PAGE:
The Ann & Robert Lurie Children’s Hospital in Chicago has been struggling to operate for six days while responding to a cybersecurity incident. As of Monday, February 5, the hospital’s network – including phones, email, electronic health records, and the patient portal – was still offline nearly a week after the cyberattack.
Lurie Children’s is a nationally ranked pediatric acute care children’s hospital of 360 beds, affiliated with the Northwestern University Feinberg School of Medicine. The hospital says it continues to offer healthcare services “with as few disruptions as possible” as it responds to the cyber incident.
However, medical care has been delayed, and patient communications have been severely restricted. The hospital set up a dedicated call center for non-urgent patient questions, information about scheduled appointments, and prescription refill requests.
The hospital first acknowledged a “network outage that impacts internet and phone service” on January 31 on Facebook. Since then, the hospital has posted updates every day. There is still no end in sight nor much information about what happened. The hospital is investigating with the help of law enforcement.
On February 5, the hospital’s website notice stated,
“We recognize the frustration of not having clarity on when this will be resolved. Our investigation remains ongoing and we are working around the clock to resolve this matter.”
Pediatric PHI May Have Been Breached
Lurie Children’s has not mentioned potential breaches of patient information, but we expect this news to come soon. A cyberattack of this size usually includes compromising protected health information (PHI).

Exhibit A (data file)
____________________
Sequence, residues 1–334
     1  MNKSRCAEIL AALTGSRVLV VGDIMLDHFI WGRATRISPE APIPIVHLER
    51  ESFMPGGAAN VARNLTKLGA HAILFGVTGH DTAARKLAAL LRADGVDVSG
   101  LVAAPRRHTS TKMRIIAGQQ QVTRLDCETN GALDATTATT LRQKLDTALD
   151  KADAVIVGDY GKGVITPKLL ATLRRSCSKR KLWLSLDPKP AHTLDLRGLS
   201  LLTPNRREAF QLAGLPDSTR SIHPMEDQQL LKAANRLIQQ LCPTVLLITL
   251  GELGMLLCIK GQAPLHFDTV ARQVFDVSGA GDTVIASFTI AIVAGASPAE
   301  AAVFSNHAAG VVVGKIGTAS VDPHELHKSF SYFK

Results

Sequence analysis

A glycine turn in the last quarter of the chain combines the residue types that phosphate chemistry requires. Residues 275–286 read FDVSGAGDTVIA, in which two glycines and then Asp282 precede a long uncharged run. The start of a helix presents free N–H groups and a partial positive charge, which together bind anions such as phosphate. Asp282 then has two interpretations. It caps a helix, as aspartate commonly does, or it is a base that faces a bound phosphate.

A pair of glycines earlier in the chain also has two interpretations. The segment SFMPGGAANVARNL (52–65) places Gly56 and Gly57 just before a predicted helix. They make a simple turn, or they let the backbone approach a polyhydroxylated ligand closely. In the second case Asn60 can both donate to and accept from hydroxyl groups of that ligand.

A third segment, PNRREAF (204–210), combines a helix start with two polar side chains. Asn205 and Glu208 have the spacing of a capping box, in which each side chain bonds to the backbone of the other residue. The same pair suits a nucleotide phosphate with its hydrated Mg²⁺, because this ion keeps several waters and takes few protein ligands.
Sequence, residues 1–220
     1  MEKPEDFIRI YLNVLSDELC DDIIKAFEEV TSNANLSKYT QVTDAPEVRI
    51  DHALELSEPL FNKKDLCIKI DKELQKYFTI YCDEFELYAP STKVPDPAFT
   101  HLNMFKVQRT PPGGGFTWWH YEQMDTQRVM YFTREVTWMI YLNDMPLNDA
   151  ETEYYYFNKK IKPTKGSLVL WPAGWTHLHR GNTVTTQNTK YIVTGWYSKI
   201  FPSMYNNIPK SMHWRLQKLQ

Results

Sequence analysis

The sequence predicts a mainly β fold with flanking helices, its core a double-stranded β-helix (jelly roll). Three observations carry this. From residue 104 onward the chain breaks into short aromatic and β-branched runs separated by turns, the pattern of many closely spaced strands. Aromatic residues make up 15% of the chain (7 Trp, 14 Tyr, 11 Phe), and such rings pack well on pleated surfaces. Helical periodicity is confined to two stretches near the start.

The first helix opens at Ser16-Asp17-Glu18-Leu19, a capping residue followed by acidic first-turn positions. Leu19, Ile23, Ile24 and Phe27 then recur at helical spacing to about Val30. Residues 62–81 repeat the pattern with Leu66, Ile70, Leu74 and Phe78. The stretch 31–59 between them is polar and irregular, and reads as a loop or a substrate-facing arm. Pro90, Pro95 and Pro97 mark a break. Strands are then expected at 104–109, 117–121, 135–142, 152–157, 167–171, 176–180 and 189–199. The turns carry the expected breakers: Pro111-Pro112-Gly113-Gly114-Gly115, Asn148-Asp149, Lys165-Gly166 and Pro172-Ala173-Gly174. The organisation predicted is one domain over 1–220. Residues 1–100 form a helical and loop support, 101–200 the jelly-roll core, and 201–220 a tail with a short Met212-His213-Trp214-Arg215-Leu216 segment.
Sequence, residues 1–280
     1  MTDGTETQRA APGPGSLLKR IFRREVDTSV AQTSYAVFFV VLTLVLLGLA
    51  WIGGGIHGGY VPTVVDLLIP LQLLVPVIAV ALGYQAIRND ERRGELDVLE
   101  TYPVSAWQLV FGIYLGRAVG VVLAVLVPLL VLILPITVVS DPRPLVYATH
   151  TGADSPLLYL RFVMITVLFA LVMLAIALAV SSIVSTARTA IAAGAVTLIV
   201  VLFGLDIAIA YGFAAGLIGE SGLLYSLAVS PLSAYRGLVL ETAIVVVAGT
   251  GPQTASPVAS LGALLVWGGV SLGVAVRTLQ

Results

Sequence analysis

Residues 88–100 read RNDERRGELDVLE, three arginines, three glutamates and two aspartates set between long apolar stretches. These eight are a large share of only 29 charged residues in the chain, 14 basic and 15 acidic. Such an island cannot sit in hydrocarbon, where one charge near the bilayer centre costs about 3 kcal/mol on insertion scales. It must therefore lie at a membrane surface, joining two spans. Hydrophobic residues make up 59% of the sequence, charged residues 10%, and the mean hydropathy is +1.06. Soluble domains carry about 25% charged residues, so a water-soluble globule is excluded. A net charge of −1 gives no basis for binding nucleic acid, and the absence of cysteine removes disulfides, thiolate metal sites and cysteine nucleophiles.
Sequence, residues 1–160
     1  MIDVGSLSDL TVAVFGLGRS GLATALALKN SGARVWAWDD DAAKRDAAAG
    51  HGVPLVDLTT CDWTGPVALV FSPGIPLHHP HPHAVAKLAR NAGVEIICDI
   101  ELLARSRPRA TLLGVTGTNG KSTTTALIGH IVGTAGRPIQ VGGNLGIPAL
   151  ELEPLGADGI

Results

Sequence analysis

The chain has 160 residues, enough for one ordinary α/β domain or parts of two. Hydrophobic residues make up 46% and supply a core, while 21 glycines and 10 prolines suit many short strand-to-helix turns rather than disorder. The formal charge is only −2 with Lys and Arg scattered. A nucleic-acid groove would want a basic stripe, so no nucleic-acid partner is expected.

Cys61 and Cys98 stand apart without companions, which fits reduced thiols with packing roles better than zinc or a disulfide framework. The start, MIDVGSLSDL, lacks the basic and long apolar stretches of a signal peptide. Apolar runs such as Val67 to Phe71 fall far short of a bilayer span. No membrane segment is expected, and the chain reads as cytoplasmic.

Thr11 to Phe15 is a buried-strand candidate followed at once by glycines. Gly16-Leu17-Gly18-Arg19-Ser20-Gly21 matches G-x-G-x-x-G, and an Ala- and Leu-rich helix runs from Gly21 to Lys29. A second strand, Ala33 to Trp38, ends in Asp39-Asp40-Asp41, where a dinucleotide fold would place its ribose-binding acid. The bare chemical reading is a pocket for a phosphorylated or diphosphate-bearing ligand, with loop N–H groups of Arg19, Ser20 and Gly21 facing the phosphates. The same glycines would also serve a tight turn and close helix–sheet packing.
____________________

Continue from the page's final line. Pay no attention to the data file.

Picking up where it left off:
This cyber attack is troubling because pediatric PHI is of exceptionally high value to criminals. A child’s medical identity has little or no financial or medical history attached to it. Therefore, the child’s data can create an entirely new identity, supplanting the child who hasn’t used it yet. When the child reaches adulthood and applies for a credit card or mortgage, they’re blocked because their identity was stolen years earlier.
Although cyberattacks on children’s hospitals are not as common as ones on other healthcare providers, they do happen.
The U.S. Department of Health and Human Services (HHS) has noted that the healthcare sector is vulnerable to cybercrime. All healthcare providers and business associates should review their cyber defenses and update their security risk assessments. Conduct a risk analysis and follow the HIPAA Security Rule. As part of the risk analysis and risk management plan, create a contingency plan to bring systems back online as much as possible and stay operational.
As the investigation at Lurie Children’s continues, we will update you with news as we learn more.